REPORT: How military officials are profiting from Boko Haram war
Some military officials have been accused of profiting from the Boko Haram crisis in the north-east.
Global watchdog Transparency International said this in a report released on the crisis.
“Corrupt military officials have been able to benefit from the conflict through the creation of fake defence contracts, the proceeds of which are often laundered abroad in the United Kingdom (UK), United States (U.S.) and elsewhere,” the report read.
The allegations of misappropriation of funds meant for equipping the military have persistently trailed the battle against Boko Haram.
TI noted that last year, the vice-president said around $15 billion had been stolen from the public purse under the previous government through fraudulent arms procurement deals.
It said this had left the military without vital equipment, “insufficiently trained, low in morale and under-resourced”.
“This has crippled the Nigerian military in fighting an aggressive ideologically inspired enemy such as Boko Haram,” the group said.
But John Enenche, defence spokesman, has dismissed the allegation, accusing the agency of seeking to block the international support Nigeria is getting in the war against insurgency.
Enenche said the UN had already commended the military in its war against corruption.
“The attention of defence headquarters has been drawn to an inciting corruption allegation against military officials, by Transparency International. Let me start by making it clear that this sweeping allegation is false with the following clarifications,” Eneche said at a press conference in Abuja.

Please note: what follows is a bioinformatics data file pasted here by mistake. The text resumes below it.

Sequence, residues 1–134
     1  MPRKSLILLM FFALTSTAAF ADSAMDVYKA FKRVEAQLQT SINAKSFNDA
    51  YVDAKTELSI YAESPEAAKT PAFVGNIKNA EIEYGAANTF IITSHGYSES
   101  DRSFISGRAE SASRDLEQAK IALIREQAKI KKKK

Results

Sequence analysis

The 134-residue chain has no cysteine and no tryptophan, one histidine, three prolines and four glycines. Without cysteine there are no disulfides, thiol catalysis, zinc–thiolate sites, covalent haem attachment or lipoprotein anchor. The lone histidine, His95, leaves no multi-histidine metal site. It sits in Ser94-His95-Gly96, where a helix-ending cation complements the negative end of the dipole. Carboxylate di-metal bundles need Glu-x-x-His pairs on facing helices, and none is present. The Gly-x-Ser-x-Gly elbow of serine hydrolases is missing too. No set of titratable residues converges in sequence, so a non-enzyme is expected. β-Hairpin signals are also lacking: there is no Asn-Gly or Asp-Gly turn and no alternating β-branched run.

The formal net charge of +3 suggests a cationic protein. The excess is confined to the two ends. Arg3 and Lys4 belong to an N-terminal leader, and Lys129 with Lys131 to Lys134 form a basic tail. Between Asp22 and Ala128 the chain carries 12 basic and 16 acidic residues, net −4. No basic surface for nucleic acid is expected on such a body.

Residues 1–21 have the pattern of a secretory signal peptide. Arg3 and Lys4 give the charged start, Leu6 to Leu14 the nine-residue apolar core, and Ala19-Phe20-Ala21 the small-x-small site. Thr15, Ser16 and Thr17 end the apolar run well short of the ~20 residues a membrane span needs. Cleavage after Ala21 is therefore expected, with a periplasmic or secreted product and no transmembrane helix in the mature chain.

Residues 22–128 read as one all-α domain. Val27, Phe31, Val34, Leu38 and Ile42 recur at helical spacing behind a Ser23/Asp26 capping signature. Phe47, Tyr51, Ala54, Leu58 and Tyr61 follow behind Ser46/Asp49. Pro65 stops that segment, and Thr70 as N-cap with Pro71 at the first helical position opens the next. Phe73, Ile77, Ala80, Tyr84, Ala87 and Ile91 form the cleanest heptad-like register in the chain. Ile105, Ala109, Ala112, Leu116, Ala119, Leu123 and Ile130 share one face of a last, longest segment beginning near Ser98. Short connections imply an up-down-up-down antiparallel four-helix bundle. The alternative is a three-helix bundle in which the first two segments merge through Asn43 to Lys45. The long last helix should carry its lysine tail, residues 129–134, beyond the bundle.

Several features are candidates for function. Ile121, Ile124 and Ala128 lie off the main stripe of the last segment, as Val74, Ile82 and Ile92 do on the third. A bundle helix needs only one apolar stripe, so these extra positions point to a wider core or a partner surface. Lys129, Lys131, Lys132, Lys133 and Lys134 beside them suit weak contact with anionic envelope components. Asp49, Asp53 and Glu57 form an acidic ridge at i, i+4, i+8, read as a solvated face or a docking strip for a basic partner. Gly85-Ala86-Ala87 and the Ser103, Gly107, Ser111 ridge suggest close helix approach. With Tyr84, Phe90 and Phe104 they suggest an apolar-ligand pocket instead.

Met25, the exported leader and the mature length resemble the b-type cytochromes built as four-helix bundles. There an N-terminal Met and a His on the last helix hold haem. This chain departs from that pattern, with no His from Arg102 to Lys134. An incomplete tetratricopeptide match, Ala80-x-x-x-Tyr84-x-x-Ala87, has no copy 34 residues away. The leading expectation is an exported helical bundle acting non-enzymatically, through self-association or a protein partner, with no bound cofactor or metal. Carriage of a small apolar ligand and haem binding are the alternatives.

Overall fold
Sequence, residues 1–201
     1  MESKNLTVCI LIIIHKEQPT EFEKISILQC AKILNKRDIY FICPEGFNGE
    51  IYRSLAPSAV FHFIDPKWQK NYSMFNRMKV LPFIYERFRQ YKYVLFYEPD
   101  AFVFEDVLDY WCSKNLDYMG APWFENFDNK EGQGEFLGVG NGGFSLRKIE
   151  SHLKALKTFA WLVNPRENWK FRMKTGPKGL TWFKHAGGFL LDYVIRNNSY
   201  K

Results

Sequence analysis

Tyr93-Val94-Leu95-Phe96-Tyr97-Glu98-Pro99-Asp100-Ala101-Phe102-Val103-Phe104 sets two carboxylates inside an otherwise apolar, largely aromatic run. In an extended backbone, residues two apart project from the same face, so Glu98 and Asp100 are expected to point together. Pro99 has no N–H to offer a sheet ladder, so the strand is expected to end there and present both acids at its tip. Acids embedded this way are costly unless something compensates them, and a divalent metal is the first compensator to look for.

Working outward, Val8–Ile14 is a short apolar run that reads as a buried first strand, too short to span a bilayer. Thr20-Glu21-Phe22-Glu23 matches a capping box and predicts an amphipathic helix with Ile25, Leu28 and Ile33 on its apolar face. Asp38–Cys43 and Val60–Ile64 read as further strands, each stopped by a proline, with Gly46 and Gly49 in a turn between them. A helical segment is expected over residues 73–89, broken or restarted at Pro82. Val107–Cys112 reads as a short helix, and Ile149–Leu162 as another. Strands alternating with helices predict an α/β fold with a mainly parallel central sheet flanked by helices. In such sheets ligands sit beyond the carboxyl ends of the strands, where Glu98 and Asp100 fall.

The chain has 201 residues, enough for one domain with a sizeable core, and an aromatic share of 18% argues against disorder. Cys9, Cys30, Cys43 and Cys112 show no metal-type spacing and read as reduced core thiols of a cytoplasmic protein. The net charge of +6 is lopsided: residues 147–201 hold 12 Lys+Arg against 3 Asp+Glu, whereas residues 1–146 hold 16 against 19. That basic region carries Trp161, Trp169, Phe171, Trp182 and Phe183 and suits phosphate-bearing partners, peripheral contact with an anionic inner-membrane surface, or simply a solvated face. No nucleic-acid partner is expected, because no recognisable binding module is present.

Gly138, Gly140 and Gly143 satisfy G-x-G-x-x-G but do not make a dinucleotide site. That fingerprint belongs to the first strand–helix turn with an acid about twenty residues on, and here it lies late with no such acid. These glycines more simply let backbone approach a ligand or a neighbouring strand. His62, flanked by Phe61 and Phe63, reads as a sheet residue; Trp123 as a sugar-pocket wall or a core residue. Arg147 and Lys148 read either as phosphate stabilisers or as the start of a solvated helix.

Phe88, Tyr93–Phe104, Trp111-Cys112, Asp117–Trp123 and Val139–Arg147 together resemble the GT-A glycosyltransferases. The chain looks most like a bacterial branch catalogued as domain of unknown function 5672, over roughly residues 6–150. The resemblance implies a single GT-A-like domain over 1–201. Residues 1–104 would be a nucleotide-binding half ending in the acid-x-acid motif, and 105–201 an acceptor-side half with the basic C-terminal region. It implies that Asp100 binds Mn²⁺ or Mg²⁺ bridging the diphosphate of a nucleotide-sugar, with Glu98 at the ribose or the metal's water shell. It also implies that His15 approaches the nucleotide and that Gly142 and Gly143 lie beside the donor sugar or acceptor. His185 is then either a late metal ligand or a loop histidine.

“The present leadership of the Armed Forces of Nigeria has done a lot to train, boost troops morale and procure vital equipment through due process, for the North East operations against Boko Haram in particular and other operations.
“The defence headquarters, army, navy and air force headquarters have established procurement branches that are guided by the rules and regulations of the Bureau for Public Procurement (BPP). The Ministry of Defence deals directly with states and governments on defence equipment procurement without using contractors or vendors any longer.”
Enenche said a sweeping statement of corruption against military officials at this time was rather disheartening.
“More so that the Nigerian military was on 22 March 2017 credited by the U.S. as having done very well to fight insurgency and extremism among others, with advice to other countries to learn from Nigeria. That such an allegation is coming at the peak of consistent successes being recorded at our areas of operational engagements, the North East in particular, it must be treated with utmost suspicion,” the defence spokesman said.
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